The grant will provide vital support to a number of high potential cookstove businesses in relation to technical capacity building, better product design and manufacturing practices and establish a seed fund for producers to invest in necessary expansion activities.

The Spark Fund is an initiative of the Global Alliance for Clean Cookstoves as part of their strategy to strengthen supply and enhance demand in the cookstove and fuels sector through innovation and tailored entrepreneurial capacity development.

According to the sponsor: “A global market for clean cooking solutions is necessary because 3 billion people still rely on solid fuels to cook each day that, when burned, cause a range of diseases, injuries, and ailments that claim 4 million lives annually. Household air pollution from cookstoves smoke is the fourth greatest health risk in the world.”
“The five winners have a strong track record of results in their respective countries and markets, and have demonstrated that they can leverage the Spark Fund to attract new partners and investors to advance their ongoing efforts to save and improve lives, enhance livelihoods, and protect the environment through clean cooking solutions,” said Radha Muthiah, executive director of the Global Alliance for Clean Cookstoves.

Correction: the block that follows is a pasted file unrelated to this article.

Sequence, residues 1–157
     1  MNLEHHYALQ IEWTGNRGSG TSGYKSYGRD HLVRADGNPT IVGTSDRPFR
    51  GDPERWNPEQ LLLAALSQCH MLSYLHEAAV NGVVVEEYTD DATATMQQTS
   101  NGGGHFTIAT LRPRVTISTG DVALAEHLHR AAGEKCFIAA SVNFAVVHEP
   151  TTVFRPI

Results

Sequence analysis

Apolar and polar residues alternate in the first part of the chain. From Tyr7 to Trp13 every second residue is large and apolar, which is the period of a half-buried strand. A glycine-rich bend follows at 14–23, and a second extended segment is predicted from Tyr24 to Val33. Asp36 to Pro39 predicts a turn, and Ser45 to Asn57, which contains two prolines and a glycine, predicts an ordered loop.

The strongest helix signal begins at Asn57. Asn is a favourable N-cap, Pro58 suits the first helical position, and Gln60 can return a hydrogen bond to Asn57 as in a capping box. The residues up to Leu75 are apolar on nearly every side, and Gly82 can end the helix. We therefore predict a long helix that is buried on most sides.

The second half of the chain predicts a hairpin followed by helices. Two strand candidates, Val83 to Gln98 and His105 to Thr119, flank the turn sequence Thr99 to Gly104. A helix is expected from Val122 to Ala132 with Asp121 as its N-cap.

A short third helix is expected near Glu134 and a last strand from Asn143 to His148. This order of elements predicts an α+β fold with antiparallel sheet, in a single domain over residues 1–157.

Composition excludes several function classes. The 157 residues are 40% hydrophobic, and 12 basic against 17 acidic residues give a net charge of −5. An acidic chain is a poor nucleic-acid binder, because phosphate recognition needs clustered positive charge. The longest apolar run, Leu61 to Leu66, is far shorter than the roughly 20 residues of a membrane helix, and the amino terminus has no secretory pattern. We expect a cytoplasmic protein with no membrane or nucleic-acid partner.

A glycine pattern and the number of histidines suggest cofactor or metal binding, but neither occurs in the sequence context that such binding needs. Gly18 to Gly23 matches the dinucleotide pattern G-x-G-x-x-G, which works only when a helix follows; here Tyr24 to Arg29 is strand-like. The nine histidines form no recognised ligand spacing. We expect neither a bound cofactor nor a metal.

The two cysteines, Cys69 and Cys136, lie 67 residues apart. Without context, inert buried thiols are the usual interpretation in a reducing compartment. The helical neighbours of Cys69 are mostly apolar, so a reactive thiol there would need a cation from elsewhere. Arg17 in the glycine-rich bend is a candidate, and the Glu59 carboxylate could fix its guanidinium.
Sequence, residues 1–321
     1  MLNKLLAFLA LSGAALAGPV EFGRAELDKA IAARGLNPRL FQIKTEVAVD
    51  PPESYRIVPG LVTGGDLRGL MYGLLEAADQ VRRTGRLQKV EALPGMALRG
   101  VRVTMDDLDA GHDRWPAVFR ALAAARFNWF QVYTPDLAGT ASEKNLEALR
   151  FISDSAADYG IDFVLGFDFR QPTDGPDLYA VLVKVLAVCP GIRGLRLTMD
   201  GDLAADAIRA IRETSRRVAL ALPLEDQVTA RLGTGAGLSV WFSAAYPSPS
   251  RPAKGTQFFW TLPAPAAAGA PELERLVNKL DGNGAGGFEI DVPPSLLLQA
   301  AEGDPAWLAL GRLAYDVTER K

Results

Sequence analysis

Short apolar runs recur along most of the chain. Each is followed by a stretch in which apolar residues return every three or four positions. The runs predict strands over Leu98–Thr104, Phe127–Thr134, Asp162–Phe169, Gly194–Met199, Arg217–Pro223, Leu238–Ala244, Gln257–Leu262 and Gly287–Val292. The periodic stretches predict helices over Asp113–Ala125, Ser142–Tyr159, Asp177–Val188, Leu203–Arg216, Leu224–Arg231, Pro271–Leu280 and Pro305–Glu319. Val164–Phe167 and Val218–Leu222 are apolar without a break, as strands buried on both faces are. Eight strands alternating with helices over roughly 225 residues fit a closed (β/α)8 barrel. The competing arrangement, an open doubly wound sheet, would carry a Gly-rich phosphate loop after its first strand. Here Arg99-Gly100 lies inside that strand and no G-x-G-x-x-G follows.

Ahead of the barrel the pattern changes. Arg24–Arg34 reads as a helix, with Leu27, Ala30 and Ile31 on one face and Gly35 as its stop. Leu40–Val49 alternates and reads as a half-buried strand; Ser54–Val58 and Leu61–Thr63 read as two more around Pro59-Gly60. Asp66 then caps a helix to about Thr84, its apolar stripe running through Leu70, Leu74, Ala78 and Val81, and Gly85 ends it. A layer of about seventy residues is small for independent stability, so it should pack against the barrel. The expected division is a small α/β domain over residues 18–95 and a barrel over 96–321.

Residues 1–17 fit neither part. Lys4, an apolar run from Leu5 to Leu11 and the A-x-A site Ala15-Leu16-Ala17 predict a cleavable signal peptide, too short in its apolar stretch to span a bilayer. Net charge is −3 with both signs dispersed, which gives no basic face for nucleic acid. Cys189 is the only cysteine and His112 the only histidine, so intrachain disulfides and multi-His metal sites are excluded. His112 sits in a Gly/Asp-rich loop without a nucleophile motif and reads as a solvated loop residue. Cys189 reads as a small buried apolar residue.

The Spark Fund grant is co-funding a larger project, (CARE2) Capital Access for Renewable Energy Enterprises, funded by SIDA (the Swedish International Development Cooperation Agency). The aim is to scale up the production level of a number of small businesses and medium businesses (SMEs), from 7,500 improved cookstoves /year and 1000 kg of briquettes/month to at least 25,000 stoves/year and 6 tonnes of briquettes/month, by the end of 32 months.

One such entrepreneur to benefit from the grant is Joseph Muriuki, a producer of energy efficient cookstoves from Kiria, in rural Kenya. Joseph’s business has been supported by GVEP’s coaching and advisory services over the past five years. His business has especially benefited from participating market development events organised by GVEP, in which entrepreneurs and other stakeholders are invited to a local marketplace to engage in promotional activities and selling products. These events allow entrepreneurs to increase their sales, help find new customers and realise the potential of their marketing efforts. As a result, Joseph has experienced steady growth in sales with his cookstove enterprise, going from an average of US $ 491 per month in December 2011 to an average of US $1147 per month in December 2012.Joseph feels that his business has contributed to the community both economically and environmentally. “People spend on average 800 Kenyan Shillings (US $9) every three to four weeks on firewood to cook on the traditional the three stones. But they can cut the cost down to 300 Shillings every four to five weeks if they adopt an improved stove. “This is how I explain its efficiency to my customers”, says Joseph Muriuki.

As well as high potential SMEs, GVEP will also work with suppliers and retailers. “From experience we believe local producers can play a major role in supplying better performing stoves into the market at affordable prices. Currently the local industry is highly fragmented making it difficult to control quality and build a market for products which offer superior performance”, points out James Wakaba, GVEP’s Regional manager for Africa.